Reading the book as a young man, I noticed that it was about commerce — particularly it was about the subversion of art and culture through commerce. The main character, visiting from England, discovers that his uncle now dashes off paintings for use in movies. The woman he falls in love with works for a mortician for the elite, who has so aggrandized funerals that he has become the leader of a death cult. Meanwhile, the mortician’s brother makes a mockery of ritual with his bombastic pet cemetery.

For me, this book encapsulates my leeriness of motivations where money is involved. Not perhaps an earth-shattering revelation, but one that is expressed with wit and restrained chaos.

Bugs
A short, satiric book by John Sladek, “Bugs” tells the story of a man who accidentally becomes hired to manage a project at a high-tech company. Knowing nothing about management, technology, or the project, he essentially keeps his head down and lets his team run wild. The result is that they produce a sentient robot, who promptly escapes.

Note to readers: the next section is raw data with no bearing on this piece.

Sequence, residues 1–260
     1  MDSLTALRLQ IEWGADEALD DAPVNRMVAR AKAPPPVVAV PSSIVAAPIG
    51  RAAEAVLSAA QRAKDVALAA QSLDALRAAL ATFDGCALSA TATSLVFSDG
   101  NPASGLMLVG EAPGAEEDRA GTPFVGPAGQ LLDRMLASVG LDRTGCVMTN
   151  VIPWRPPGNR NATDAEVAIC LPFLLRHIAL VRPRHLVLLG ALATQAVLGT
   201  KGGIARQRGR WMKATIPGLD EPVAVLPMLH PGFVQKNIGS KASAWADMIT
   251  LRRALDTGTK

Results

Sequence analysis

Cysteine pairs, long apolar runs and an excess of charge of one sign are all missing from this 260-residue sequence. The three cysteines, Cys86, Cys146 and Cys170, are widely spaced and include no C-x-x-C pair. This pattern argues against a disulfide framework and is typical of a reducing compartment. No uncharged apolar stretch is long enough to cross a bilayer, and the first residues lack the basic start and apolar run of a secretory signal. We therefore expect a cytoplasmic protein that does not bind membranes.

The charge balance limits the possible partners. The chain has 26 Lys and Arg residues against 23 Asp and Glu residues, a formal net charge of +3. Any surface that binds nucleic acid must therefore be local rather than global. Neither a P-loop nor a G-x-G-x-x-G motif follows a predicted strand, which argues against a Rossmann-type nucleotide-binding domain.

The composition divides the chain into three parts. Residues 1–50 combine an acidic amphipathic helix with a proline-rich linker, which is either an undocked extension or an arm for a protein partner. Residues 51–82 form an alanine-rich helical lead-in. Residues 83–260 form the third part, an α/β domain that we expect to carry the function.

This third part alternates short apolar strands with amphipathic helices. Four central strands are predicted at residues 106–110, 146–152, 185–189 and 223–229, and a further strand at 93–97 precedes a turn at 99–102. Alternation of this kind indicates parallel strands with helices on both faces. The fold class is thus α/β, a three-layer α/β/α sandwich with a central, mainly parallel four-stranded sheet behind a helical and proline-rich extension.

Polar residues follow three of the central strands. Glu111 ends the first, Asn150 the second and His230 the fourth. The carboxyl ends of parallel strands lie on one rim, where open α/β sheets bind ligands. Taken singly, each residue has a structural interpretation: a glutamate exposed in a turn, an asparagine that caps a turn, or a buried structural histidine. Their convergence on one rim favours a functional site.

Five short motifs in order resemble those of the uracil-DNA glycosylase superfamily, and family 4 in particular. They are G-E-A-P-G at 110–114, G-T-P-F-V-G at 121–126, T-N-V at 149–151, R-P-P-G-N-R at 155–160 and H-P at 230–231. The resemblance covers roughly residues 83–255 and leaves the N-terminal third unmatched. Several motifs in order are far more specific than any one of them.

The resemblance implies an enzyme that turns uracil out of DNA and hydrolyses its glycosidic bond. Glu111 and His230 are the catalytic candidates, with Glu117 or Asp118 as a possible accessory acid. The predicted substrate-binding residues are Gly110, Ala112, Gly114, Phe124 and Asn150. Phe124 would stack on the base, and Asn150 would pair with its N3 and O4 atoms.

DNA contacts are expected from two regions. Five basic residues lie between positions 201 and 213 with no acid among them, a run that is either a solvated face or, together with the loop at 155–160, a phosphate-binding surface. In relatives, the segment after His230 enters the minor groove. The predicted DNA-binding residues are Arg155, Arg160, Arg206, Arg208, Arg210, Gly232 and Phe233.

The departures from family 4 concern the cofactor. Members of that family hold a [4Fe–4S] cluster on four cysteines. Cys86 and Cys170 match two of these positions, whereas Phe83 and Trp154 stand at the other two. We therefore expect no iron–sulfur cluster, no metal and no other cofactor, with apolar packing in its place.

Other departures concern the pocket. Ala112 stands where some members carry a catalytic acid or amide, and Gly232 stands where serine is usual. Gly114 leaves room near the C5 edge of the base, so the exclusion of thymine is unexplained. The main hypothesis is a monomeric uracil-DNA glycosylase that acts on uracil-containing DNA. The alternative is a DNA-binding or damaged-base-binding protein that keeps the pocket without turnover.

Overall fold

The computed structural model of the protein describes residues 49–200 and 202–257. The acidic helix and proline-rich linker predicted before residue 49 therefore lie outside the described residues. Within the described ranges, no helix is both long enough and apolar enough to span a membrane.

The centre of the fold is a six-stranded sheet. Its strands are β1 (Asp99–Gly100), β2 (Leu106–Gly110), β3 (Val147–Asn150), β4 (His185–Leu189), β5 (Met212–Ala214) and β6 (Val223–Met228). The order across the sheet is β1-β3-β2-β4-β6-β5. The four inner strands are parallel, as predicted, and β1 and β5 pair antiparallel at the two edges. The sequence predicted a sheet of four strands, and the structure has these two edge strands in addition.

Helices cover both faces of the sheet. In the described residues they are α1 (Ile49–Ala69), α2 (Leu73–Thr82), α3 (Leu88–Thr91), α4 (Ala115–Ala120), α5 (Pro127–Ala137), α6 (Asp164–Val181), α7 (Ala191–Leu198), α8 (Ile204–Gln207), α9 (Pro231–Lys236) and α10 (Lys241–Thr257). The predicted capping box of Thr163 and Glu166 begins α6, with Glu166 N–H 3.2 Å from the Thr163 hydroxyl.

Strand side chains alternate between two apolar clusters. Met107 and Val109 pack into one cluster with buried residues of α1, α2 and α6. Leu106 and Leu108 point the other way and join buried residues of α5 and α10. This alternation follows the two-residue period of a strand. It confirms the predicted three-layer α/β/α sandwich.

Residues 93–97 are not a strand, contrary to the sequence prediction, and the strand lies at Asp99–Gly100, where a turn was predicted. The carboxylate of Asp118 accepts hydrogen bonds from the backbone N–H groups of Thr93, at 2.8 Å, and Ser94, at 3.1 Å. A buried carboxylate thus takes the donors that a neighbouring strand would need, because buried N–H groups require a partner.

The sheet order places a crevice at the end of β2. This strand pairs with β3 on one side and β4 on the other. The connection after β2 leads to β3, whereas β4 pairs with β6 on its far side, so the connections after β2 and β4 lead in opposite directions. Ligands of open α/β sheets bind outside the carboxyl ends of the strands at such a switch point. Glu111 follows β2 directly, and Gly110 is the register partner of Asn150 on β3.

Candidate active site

I bought this from the clearance table (being a fan of his murderous robot novel “Tik Tok”), and while it amused me I promptly forgot about it. Years later I accidentally became a programmer and found myself expected to perform miracles for which I felt utterly unqualified. I spent ten years feeling like a fraud until I realized that in that time I had actually become a real programmer. I looked around and my skills held up fairly well against those of my colleagues.

Sladek’s absurdist tale of success through pretense came back to me, and it seemed to me to be a fairly accurate portrayal of my career, symbolically. For that reason alone I’m certain I’ll never forget it, but there’s more. As a lead developer, I’ve tried to stay out of everybody’s way as much as possible. I’ll never know if they can make an A.I. if I don’t let them direct their own work.

Film Diary: August

August brought me to 270 films for the year. That puts me at ~74% of the year’s goal at only 67% of the way through the year. There’s still a nice cushion for me to work with, which is good; now that I’ve started drawing a weekly comic, I need to spend more of my free time doing things other than watching movies!